I find it amazing that no laptop-maker is extending even a single product to those that would prefer the 4:3 ratio.

Comment: Re:Solution (Score 1) 1140

by chdig (#33815538) Attached to: Why Are We Losing Vertical Pixels?
Very Insightful and well explained. Still, if the font-size is increased to be the same as a lower-res display, it remains that on shorter, widescreen computers, less text can be seen vertically. Personally, I like as many vertical lines available, as opposed to width for multitasking.

As well, for someone who loves viewing their photos (4:3), a similar-dimensioned computer makes more sense, regardless of resolution. All personal laptops are now configured for dvd playing (16:9 vs 16:12 for images). I wonder if how many of those use their computers more for viewing photos, and maybe their dvd player and tv is what they use for dvds?
Space

Supermassive Black Hole Is Thrown Out of Galaxy 167

Posted by samzenpus
from the moving-to-better-quarters dept.
DarkKnightRadick writes "An undergrad student at the University of Utrecht, Marianne Heida, has found evidence of a supermassive black hole being tossed out of its galaxy. According to the article, the black hole — which has a mass equivalent to one billion suns — is possibly the culmination of two galaxies merging (or colliding, depending on how you like to look at it) and their black holes merging, creating one supermassive beast. The black hole was found using the Chandra Source Catalog (from the Chandra X-Ray Observatory). The direction of the expulsion is also possibly indicative of the direction of rotation of the two black holes as they circled each other before merging."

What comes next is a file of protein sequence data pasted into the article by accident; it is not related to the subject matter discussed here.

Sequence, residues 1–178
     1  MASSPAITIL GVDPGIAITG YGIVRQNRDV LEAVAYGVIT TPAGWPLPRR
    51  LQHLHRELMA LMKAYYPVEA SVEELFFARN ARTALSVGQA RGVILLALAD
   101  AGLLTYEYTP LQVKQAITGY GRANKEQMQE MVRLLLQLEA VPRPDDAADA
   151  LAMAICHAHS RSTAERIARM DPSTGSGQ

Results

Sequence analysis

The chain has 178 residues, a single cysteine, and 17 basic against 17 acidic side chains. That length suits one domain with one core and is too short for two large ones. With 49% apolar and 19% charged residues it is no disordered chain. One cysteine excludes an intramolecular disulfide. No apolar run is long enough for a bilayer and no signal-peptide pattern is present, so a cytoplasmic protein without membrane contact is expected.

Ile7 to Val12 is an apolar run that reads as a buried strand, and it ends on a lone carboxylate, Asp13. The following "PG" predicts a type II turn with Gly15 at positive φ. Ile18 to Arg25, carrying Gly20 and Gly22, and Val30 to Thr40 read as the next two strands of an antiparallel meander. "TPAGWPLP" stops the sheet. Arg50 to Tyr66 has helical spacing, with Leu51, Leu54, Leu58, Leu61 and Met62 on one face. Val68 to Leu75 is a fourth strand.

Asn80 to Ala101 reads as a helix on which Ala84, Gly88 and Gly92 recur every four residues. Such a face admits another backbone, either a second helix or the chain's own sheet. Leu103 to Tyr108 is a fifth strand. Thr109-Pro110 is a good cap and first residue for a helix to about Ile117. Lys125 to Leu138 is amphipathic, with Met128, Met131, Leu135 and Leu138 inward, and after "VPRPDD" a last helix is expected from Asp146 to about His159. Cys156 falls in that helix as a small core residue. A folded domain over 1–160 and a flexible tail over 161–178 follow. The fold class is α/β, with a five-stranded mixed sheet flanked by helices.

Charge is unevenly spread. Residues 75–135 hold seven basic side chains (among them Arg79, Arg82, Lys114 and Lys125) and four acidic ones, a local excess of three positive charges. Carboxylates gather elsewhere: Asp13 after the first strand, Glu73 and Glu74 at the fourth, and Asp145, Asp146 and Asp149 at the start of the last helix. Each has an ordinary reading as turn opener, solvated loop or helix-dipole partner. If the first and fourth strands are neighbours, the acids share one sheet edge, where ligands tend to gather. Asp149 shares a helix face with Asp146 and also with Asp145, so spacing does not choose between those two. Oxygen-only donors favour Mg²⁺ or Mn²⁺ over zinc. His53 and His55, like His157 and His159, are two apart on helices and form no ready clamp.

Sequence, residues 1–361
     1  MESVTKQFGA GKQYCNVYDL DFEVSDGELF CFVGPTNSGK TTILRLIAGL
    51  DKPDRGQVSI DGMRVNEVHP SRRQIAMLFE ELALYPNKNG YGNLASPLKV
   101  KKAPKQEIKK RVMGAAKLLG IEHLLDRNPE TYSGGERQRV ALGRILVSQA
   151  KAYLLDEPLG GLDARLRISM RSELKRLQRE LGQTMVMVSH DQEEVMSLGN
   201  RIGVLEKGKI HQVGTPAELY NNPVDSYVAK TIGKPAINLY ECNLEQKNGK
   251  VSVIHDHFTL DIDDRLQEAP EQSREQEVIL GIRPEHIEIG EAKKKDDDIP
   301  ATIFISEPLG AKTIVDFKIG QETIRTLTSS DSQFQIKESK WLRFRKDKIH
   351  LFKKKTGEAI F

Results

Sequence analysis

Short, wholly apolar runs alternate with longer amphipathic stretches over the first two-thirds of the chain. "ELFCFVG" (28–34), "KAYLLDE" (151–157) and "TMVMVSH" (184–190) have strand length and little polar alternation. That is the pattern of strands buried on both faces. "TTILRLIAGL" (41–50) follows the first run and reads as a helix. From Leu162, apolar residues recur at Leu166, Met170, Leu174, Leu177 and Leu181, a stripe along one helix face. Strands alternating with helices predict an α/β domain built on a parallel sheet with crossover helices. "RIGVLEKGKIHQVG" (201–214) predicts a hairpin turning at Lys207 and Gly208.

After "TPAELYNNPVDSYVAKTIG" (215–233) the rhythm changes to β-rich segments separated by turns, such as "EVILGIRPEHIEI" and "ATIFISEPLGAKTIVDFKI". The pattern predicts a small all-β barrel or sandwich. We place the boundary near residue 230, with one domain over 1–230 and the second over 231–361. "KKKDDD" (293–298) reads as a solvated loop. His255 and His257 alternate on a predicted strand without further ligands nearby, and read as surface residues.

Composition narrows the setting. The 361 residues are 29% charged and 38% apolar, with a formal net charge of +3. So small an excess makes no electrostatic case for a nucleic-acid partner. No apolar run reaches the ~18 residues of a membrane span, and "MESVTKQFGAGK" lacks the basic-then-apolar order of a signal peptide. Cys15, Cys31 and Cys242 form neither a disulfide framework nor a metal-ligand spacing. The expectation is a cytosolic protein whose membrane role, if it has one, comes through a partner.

Comment: Re:Quality scales differ in the PHP/MySQL world. (Score 2, Insightful) 36

by chdig (#31932612) Attached to: Joomla! 1.5 Multimedia
While the parent deserves flamebait instead of "interesting", especially given he/she doesn't have the guts to sign their name to the post, here's a brief reply.

- SQL injection works on any database with any programming language, if things aren't programmed properly, and is definitely not specific to PHP.
- PHP is not longer in version 3 or 4, it's got great object-oriented programming possibilities, is faster to program in than many other languages, and if you use intelligent caching, will be pretty much as quick -- with the remaining speed cost for using PHP made negligent by the real action happening in the database.
- "experienced professionals" do program in PHP. A real programmer will use the best language for the job, and often times that language is PHP. Working with a client who will only pay ~$20/month in hosting on their current webhost often means that a LAMP installation is what you've got to work with. Quick, easy, secure, and job well done using PHP.
- SQL Server is the most miserable, buggy, and overpriced db out there in my experience, and it gives no practical advantage security-wise over MySQL, and nor does postgres or other options. MySQL is ubiquitous, which is its advantage over other databases that may perform better.